Back To School
August 23, 2005 - 10:25am ET
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Yesterday marked the first day of school for millions of students, and millions more will be returning to school in the coming weeks. In most cases, the curriculum they'll encounter in the classroom will be strongly influenced by the No Child Left Behind law, which requires yearly standards testing and intensive reading and math instruction. But all those standards require money, and yesterday Connecticut became the first state to sue the federal government for not providing the resources needed to implement NCLB programs.
Connecticut education officials are taking issue with the mandatory testing written into the NCLB law. They argue that the state's own every-other-year testing standards are sufficient, and that Connecticut can't expect its taxpayers to pick up the bill for federal requirements. It's not the substance of NCLB that's the problem, per se, but the fact that the Bush administration has required states to run programs it then refuses to fund. The lawsuit focuses on a NCLB clause that says states won't have to use their own money to fund NCLB programs. But the federal money provided will still leave Connecticut $41.6 million short of what's needed to cover standardized testing, staff costs and program development for the next three school years. And Connecticut isn't alone—one report found that 47 of 50 states are in "some stage of rebellion" over NCLB.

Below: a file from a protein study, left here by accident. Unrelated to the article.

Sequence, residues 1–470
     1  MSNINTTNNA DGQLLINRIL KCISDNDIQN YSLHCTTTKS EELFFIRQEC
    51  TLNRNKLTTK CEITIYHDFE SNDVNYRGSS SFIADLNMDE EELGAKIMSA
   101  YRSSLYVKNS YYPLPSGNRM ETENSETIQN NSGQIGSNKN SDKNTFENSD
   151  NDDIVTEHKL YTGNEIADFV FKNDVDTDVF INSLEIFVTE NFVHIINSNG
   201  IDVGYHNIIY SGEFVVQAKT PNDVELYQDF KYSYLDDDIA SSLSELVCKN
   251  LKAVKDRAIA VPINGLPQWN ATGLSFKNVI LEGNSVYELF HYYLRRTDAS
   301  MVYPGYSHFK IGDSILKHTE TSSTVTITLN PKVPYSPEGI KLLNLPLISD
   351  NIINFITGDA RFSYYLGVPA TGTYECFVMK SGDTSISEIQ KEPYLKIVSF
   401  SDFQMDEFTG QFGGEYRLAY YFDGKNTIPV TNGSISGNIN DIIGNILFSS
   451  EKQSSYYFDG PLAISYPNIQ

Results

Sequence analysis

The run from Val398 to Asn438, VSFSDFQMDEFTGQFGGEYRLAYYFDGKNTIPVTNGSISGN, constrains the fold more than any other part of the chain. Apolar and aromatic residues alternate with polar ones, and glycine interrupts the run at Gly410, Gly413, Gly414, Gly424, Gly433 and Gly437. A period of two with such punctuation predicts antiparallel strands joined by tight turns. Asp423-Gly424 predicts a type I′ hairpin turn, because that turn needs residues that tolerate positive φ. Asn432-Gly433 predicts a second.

Most education experts don't argue with the idea of NCLB—though some think that it doesn't go far enough. And it's certainly possible that some states are rebelling because they don't want the responsibility of living up to NCLB's accountability standards. But NCLB's battery of testing doesn't change the way we educate children—and all the tests in the world can't change the outside factors that affect education. Testing won't help a child from a low-income family who has to worry about her safety walking to school or who hasn't had a medical checkup in years.
That's why the National Task Force on Public Education has spent the past year travelling around the country, talking to educators, parents and students and creating a plan that would fundamentally remake our education system. It would place schools at the center of the community and create a support network connecting families to social services and resources for parents. Rather than focusing on testing, it would focus on extending education time in the schools and educating every child from early childhood to post-high school. It's an ambitious plan—and, if it were to become policy, would face the same funding hurdles that stymie NCLB in the states now. But the results could be much more far-reaching and dramatic.
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